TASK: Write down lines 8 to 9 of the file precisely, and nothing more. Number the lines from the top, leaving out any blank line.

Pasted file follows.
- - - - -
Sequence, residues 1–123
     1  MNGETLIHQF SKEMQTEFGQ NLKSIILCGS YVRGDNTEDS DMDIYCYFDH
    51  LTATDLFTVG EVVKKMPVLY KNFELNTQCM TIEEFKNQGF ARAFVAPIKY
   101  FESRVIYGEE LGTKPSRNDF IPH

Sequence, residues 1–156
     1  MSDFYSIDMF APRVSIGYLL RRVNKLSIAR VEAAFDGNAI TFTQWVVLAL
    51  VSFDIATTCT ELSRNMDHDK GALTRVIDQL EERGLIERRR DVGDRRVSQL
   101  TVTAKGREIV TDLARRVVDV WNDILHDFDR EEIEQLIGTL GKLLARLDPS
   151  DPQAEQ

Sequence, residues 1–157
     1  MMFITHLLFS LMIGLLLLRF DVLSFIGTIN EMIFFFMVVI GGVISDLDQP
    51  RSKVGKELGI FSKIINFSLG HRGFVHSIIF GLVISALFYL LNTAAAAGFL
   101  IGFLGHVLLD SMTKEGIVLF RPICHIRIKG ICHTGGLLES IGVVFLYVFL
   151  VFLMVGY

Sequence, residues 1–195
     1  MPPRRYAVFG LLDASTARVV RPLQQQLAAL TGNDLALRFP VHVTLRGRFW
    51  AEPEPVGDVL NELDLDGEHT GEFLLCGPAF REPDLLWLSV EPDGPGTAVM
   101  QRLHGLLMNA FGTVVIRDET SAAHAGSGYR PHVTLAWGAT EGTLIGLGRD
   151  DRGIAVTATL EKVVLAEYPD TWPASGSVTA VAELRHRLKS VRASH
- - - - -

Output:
   101  TVTAKGREIV TDLARRVVDV WNDILHDFDR EEIEQLIGTL GKLLARLDPS
   151  DPQAEQ